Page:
By Paul P. Murphy and Nicole Chavez, CNN
A math teacher in Southern California has been placed on leave after videos posted online showed her wearing a headdress and mimicking a Native American dance during a lesson.
The video appears to have been recorded by a student in Riverside, California, during a math lesson and posted on social media by another person. CNN has repeatedly attempted to contact the person that posted the videos online.
In the video, a teacher is seen wearing a headdress made of paper simulating feathers and dancing around the classroom while chanting “SohCahToa” — a mnemonic used to remember sine, cosine and tangent, which are the three main functions in trigonometry.
At one point, the video shows the teacher making references to a “rock god” and “water goddess.”
In a statement Thursday, the Riverside Unified School District confirmed one of its teachers was seen in the video and has been placed on leave while an investigation is conducted.
The district did not identify the teacher. CNN has reached out to the teachers’ union and the teacher for comment but has not received a response.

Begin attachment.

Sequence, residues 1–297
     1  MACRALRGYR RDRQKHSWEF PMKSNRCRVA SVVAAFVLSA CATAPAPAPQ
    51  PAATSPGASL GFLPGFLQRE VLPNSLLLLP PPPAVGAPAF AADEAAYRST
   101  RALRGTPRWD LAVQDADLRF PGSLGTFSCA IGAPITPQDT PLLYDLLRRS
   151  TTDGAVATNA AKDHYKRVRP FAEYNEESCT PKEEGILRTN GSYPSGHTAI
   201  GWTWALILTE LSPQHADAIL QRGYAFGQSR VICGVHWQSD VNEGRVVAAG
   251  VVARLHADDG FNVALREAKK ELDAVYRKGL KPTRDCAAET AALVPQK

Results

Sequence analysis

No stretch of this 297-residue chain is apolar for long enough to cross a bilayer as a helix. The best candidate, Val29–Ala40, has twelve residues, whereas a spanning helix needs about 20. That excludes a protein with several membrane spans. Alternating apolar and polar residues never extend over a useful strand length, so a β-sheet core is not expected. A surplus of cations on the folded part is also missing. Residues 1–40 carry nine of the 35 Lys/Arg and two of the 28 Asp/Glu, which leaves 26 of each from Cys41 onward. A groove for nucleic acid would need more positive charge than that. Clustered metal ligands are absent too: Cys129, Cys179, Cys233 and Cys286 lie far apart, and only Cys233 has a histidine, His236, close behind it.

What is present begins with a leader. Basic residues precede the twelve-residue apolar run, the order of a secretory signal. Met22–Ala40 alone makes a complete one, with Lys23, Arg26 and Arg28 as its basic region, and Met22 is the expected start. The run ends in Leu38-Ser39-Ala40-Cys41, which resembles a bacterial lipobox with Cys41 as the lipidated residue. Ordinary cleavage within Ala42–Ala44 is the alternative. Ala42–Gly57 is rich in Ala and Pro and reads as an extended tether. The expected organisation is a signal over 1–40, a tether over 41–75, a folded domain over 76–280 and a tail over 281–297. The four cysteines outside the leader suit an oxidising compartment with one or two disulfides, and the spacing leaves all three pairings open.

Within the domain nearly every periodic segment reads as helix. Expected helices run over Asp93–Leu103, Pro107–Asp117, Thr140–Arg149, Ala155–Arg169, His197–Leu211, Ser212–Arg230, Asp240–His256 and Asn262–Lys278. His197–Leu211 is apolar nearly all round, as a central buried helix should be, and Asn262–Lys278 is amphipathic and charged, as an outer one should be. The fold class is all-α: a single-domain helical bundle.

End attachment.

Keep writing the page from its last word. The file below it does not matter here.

“These behaviors are completely unacceptable and an offensive depiction of the vast and expansive Native American cultures and practices,” the district said. “Her actions do not represent the values of our district.”
The district noted its commitment to implement “inclusive practices and policies” and said it will be working to regain the trust of the school community.
Crystal Echo Hawk, founder and executive director of IllumiNative, a prominent group focused on increasing the visibility of Indigenous people, said the teacher’s behavior was “extremely disrespectful and unacceptable.”
“The behavior demonstrated by this California teacher is incredibly harmful to Native youth. We must set a higher standard of training for educators to prevent racism and discrimination from occurring in the classroom — especially by faculty,” Echo Hawk said in a statement.
The incident is an example of the need for cultural competency training for teachers and how Native American history is underrepresented and inaccurate in classrooms across the country, Echo Hawk said.
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